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Unlike most print resources such as magazines, journals, and books that go through a filtering process (e.g. editing, peer review, library selection), information on the Internet is mostly unfiltered. So using and citing information found over the Internet is a little like swimming without a lifeguard. The following guide provides a starting point for evaluating the World Wide websites and other Internet information.

Authority

  • Who is the author of the piece?
  • Is the author the original creator of the information?
  • Does the author list his or her occupation, years of experience, position, education, or other credentials?

Affiliation

  • What institution (company, organization, government, university, etc.) or Internet provider supports this information?
  • If it is a commercial Internet provider, does the author appear to have any connection with a larger institution?
  • Does the institution appear to exercise quality control over the information appearing under its name?
  • Does the author's affiliation with this particular institution appear to bias the information?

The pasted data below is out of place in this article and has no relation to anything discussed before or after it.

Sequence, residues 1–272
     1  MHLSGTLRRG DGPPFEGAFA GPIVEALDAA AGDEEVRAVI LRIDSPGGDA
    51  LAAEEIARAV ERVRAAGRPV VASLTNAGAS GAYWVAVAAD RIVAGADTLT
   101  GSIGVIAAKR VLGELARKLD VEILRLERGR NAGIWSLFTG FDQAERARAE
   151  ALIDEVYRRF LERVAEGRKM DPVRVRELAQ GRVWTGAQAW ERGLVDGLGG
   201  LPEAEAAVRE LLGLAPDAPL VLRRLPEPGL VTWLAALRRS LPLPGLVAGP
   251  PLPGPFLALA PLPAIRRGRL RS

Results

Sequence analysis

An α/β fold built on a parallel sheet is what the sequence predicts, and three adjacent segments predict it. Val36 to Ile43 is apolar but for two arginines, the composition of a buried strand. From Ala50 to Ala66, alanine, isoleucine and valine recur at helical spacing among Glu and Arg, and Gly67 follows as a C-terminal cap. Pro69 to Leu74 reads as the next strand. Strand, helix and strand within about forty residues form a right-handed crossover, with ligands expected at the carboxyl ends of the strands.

Currency

  • When was the information created or last updated?

Purpose

  • What appears to be the purpose for this information?
    • Inform
    • Explain
    • Persuade

Audience

  • Who is the intended audience?

Compared to what?

  • What does this work/site offer compared to other works, including non-Internet works?

Conclusion

  • Given all the information you determined from above, is this Internet site appropriate to add to your bookmark?

Adapted from: Wilkinson, G.L., Bennett, L., & Oliver, K. "Consolidated Listing of Evaluation Criteria and Quality Indicators" Educational Technology, March/April, 1997. Initially at: t2.coe.uga.edu/Faculty/gwilkinson/criteria.html - a link that no longer works.